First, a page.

Cloth diapers are made to be reused which results in less waste. The water and energy used to clean the diapers is a downside of cloth diapers. However, there are many cloth diaper washing services specifically created to clean cloth diapers as efficiently as possible.

G-Diapers were designed using the cradle to cradle philosophy.  Materials manufactured into the product are intended to return to the ecosystem in a beneficial or neutral way.  There are two options, 100% Biodegradable refills or reusable cloths.  Refills break down in 50-150 days in a home compost, then tossed out or flushed. The plastic G-Pants into which the diapers are inserted are reusable.

Biodegradable diapers are disposable diapers made with PLA plastic. They are compostable in industrial compost.  If customers don't have access to industrial compost, the benefits of chemical-free materials are still a benefit to customers.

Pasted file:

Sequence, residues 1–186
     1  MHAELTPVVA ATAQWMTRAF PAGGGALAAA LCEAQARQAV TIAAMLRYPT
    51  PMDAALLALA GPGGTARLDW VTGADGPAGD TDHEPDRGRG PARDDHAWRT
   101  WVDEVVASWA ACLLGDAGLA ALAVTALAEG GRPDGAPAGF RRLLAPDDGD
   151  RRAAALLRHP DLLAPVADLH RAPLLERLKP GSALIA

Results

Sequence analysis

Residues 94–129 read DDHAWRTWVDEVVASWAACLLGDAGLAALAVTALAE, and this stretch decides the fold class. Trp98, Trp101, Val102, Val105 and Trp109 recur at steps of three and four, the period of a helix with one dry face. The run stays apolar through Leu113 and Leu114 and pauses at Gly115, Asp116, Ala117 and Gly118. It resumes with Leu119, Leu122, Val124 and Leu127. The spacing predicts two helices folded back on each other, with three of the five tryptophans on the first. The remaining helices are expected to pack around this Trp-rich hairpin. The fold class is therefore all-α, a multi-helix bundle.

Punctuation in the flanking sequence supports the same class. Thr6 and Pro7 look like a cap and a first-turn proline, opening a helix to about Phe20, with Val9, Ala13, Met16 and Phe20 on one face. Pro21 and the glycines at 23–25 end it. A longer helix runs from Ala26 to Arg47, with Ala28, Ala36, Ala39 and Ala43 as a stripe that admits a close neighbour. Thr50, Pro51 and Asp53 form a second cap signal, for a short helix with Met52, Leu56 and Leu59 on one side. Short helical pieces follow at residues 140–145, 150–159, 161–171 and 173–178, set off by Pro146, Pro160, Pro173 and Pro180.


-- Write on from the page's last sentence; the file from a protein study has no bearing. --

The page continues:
Massage Oils and Supplies

Most massage oils are blends combining a neutral carrier oil with one or more essential oils.  Most experts recommend that essentials oils should not be applied directly to the skin because they are so concentrated, and instead, they should be diluted with an appropriate carrier oil.  These oils also are intended to enhance the healing properties of the oils, provide protection and nutrients such as antioxidants, vitamins, and minerals. 

Good carrier oils are:  Sweet Almond, Grapeseed, Apricot Kernal, Jojoba, Olive, Coconut, and even Safflower.

Netipots & Nasal Irrigation

Nasal rinsing can remove dirt, dust, pollen, and other debris, as well as help to loosen thick mucus.  It can clean bacteria and wash out allergens.  As a result, it helps relieve nasal symptoms from allergies, colds, and flu.  Experts recommend regular nasal irrigation about three times a week, with daily use during allergy and cold season.  Long term irrigation also helps people better manage acute sinusitis and other chronic sinus problems resulting in fewer medications.